Created: Thu, 07 Nov 2013 07:07:00 CST
Updated: Fri, 08 Nov 2013 01:17:44 CST
Burdette Piening is a farmer from Lincoln who's had enough of his high property taxes.
On Friday he had a chance to stand face to face with some of the experts and lawmakers influencing tax reform in Nebraska.
He learned a lot, but his thoughts on property tax remain the same.
"Property tax seems to be high for everyone," he said. "And so we need to have a relief of that."
And according to a speaker at Thursday's Ag at the Crossroads Conference, Piening isn't the only one with that opinion.
A UNL Policy Specialist outlined a recent survey of rural Nebraska.
The poll goes around every year, asking citizens for their thoughts on tax reform.
Of course, just about everyone wants lower taxes, but many realize there's more to the picture.
"We also have to recognize that citizens in general are supportive of the level public services we have," UNL Policy Specialist Brad Lubben said.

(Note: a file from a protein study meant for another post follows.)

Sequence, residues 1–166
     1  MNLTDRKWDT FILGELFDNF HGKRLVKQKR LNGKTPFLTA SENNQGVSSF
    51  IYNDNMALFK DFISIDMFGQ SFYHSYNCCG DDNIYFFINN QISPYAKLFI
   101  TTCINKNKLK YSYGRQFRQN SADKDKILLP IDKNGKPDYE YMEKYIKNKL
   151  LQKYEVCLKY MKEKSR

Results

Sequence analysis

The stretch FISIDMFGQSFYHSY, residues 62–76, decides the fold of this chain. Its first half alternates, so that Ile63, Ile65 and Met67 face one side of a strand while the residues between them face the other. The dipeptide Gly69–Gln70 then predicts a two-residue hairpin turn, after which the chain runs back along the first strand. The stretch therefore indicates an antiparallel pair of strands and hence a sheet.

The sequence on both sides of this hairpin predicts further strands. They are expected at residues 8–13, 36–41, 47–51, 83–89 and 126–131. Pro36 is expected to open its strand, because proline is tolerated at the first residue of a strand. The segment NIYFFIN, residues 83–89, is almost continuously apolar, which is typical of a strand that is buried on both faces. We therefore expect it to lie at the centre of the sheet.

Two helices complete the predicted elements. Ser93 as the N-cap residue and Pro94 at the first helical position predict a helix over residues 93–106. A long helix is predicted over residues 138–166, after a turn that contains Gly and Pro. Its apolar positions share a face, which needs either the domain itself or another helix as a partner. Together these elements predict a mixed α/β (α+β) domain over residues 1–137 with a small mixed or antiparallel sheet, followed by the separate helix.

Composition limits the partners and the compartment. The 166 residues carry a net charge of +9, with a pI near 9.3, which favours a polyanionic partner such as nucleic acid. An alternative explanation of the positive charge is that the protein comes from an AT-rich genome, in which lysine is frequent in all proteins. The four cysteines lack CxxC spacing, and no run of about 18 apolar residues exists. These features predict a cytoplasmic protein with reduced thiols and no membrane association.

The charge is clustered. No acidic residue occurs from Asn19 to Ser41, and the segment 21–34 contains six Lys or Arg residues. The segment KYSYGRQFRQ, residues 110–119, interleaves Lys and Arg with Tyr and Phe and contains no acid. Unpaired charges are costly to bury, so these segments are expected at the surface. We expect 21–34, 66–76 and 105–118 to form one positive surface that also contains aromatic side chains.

So the challenge, according to Lubben, is deciding which funds go where.
That's a dilemma that Nebraska farmers are all too familiar with.
The title of Thursday's event was Ag at the Crossroads.
Some of the farmers there felt that was pretty appropriate.
"We're always at a crossroads of something, whether it be water, taxation," Piening said.
And soon the government will be at their own crossroads.
The Tax Modernization Committee has completed their hearings on tax reform...
In January the course of action lawmakers take will be a top priority.
The idea of eliminating property tax altogether has come up repeatedly.
"That's a complex move," Lubben said. "And it's more likely to end up with reform, change, revision, but not wholesale elimination."
As for Piening, he'd like to see a solution in which everyone pays their fair share.